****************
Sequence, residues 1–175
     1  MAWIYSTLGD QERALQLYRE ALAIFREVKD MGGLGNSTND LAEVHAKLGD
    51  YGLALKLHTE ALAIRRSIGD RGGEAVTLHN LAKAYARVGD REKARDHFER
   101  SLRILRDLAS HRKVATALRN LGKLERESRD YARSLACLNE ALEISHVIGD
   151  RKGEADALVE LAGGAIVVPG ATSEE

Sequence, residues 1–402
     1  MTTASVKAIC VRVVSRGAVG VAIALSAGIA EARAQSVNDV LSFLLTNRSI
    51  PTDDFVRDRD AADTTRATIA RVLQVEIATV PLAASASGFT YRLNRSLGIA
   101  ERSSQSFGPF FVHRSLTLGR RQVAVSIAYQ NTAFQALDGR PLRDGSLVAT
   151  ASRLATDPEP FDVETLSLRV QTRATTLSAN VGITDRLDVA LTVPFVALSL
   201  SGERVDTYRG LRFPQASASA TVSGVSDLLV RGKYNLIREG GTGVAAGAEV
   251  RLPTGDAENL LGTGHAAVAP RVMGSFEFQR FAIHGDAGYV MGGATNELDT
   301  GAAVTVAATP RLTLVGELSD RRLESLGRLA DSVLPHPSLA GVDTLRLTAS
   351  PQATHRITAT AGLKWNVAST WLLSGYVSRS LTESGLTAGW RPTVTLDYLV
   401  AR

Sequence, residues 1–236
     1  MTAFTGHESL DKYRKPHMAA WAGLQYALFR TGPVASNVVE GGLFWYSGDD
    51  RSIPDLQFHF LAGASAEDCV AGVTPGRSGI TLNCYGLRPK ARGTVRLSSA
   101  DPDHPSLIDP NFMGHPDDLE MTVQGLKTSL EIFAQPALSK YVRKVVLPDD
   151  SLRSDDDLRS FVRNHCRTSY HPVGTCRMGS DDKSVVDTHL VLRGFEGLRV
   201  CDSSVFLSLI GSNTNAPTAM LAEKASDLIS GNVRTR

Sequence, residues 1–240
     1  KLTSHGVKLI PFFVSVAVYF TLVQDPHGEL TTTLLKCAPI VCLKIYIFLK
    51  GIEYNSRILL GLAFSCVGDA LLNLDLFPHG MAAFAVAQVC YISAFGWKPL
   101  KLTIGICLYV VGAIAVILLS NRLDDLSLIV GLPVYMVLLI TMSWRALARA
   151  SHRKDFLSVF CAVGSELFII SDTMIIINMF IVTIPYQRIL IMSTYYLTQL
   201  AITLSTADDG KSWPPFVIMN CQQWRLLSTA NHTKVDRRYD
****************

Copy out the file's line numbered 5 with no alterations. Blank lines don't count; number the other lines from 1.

   151  RKGEADALVE LAGGAIVVPG ATSEE